When learning any sort of HDL (Verilog, VHDL...) it is important to keep one thing in mind. It is not software programming and things work in parallel. That being said, I find that the best way to learn any HDL is to learn how to think in hardware and describe the hardware (that's why it is called a hardware description language).
So far, I have rarely seen books that show you how your HDL gets translated into hardware. I've read through one when I was at Synopsys (pages filled with code and schematics) but it was an internal publication. However, even lacking this book, you can still see how your code gets turned into hardware by running it through synthesis on free-software.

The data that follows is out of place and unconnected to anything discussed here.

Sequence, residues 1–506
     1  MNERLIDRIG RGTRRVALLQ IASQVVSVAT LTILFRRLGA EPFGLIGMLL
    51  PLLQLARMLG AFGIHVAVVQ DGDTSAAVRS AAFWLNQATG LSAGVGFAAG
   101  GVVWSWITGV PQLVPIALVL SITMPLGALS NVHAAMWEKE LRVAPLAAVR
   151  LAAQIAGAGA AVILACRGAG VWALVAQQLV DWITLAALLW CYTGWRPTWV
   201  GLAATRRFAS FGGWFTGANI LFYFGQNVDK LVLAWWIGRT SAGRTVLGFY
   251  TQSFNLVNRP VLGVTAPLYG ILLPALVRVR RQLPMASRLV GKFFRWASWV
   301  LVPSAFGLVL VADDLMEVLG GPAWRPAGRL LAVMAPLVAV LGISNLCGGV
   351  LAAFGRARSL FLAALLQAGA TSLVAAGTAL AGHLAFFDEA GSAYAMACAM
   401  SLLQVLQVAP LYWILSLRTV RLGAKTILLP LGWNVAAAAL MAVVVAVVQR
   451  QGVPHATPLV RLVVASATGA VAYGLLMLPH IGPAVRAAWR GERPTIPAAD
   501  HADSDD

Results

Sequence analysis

The reason that I wish to stress this is because there are many ways to solve a problem. You will only be able to write code that solves it efficiently, from a gate count and timing stand point, if you understand how it gets translated into underlying hardware.